It started with The Other Chris on reception phoning through a message for me, "Can you look after Amydog?". I'd only met Amydog twice before, but a swift phonecall to southwest CHCP confirmed it, I was required to take a dog for a walk. Could easily fit it in before nipping across to Edinburgh.
So it was I acquired Amy, a shar pei, all creases, frowns and drool, from her mistress outside Kelvingrove Art Gallery.
It let her lead me, she had a far better idea of where it was we were going, I'd never taken a dog for a walk before. About forty minutes was how long we were supposed to be together, so we wandered round Kelvingrove Park, chasing squirrels, getting chatted up by small children and moaning about the weather. It was overcast, but not very rainy, just moist. So at the vaguely allotted time I returned to the Art Gallery and we waited.
No sign of the mistress, but there was lots of grass to be sniffed and joggers to scare, so we wandered off again. I took Amy to a petrol station to top up my mobile phone, we wandered round the park again, we wandered streets, we made friends with other dog enthusiasts. I made up lies about Amy, about whom I knew nothing.
So after three hours together, I was cold, wet and tired. Her mistress came back, Amy was ecstatic, and rather than heading tot he pub for a thank you beer, I bade my farewells and headedd off. Amy wanted to come too and through herself into the path of several cars to catch up with me.
"No Amy, you're probably not the target audience for The Just Joans, you won't think much of them."
Edinburgh: an hour later, I missed the Joanses, but chatted to them at the bar in The Hive, the a rescheduled venue after I'd gone to The Arc first.
An unassuming girl who looked suspiciously boyish sits alone, midstage, surrounded by instruments, her feet pummelling an effects box. Its rather useful that her first song was crap as you can gauge the rest of her set was so much better.
I used to be impressed by girl with a voice, an acoustic guitar and a reverb / delay / tape loop pedal. But after Astrid, Ceylan and that girl who did the half-arsed cover of "Crazy", tonight's multi-layered vocal chorus seemed just naff. Luckily the rest of the set did it all so much better.
Glokenspiels multitracked and pitch-shifted. Accordian single note drones as an entire song's backing track. Building up an entire drum track, like on a drum machine, one real drum at a time and a tape loop.
I think my favourite song, about why people work at a sewage plant, they lost their goldfish when they were young, seemed to invoke Badalamenti. Multi-layered guitars and even more multi-layered vocals, sounded refreshingly Twin Peaksy. I couldn't place the vocals, although just one girl, it sounded at time like a clunky folk ensemble or a reverb drenched shoegazer moment from the mid-nineties.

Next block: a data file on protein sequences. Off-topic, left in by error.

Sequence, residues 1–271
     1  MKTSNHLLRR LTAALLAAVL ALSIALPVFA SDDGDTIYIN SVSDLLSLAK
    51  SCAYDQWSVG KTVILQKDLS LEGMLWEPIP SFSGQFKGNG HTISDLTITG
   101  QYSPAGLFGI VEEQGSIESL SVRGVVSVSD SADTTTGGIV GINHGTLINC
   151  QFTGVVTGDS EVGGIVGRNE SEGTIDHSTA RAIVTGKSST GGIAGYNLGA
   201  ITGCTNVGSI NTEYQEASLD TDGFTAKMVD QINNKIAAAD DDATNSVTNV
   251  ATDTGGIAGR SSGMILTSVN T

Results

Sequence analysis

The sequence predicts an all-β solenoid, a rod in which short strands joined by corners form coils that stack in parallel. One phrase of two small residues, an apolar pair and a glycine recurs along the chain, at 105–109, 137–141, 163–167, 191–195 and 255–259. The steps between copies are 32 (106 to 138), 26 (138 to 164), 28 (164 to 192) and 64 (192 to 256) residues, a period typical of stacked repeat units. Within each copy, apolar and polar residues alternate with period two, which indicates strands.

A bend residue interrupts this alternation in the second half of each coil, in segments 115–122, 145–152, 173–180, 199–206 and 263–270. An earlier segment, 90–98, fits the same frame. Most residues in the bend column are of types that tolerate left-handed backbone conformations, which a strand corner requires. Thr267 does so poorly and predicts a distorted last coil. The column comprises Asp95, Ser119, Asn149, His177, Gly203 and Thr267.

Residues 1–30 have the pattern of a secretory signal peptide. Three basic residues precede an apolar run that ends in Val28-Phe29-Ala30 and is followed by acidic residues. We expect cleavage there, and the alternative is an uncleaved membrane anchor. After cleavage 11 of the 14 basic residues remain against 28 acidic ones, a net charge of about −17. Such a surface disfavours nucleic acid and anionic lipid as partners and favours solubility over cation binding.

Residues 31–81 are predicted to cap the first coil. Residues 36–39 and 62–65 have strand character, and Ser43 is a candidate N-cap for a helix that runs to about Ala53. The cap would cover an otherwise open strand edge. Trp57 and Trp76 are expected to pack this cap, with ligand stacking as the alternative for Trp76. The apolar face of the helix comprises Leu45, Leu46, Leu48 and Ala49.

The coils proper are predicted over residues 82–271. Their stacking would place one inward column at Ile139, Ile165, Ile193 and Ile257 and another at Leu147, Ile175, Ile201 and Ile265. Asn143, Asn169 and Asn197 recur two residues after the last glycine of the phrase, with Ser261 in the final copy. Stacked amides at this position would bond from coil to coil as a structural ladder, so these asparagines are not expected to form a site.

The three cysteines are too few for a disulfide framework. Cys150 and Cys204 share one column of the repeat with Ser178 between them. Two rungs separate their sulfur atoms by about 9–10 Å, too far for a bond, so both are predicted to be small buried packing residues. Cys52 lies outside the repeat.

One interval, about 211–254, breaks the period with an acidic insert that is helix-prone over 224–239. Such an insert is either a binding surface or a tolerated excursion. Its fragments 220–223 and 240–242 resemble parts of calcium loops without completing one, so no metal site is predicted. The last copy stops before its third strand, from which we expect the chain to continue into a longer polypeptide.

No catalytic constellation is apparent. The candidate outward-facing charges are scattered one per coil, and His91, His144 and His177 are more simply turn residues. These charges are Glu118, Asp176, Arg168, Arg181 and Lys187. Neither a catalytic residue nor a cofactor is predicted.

Next up were The Love Gestures they are the missing link between Anal Beard, The Hector Collectors and Hefner. Its the drumkit lashed together on top of a chair with gaffer tape and folk using wooden spoons as drumsicks wot gives it away. The waivering vocals build on this, turning to microphoneless howls of frustration when the songs demand it. The backbone to the majestic sound being the unstoppably professional bass twinned with a mic'ed up plucked cello played by...
So I was writing up The Love Gestures when I was accosted by an inquisitive member of the audience, "Are you writing a review? Who for?..." She'd never heard of Last Night From Glasgow Indie Eyespy (this site). Its a niche market I guess, she'd probably never heard of Sir Harry Kroto either but that's not to say he isn't successful.
Whilst we vaguely agreed about the last two bands, she didn't think much of the Just Joans, advising me not to even bother writing about them, "They had songs about going to the union on Friday afternoons." Ach, she was young and so naive, one day she'll be old, disillusioned and cynical like the rest of us, and will accept that The Just Joan are the voice of a generation.
Our conversation was interrupted by Darren Hanlon hitting the stage.
He's a warm and talented chap, a master of the craft of guitar playing and singing at the same time. And he does write some fine lyrics. For the first few songs he's stood alone on stage with a guitar plugged into Love Gesture's amp, in the traditional travelling troubador style. He's joined halfway through by Pikelet / Evelyn on drums, but it adds little to the performance.
The crowd enjoy him immensly, probly cos they're 50% Australian, amorous couples weaving intertwined, some perky girl I snogged years ago not recognising me, old acquaintances from Edinburgh Uni's Indiesoc.
Its the between song banter that's the nicest, the wonders of British crisp flavourings, buffets laid out by the promoter's parents, uncomfortable kuola bear inspired videos.
I was tired and cold and hungry, I had a long drive back to Glasgow, so I slipped out early, missing Darren's last few songs.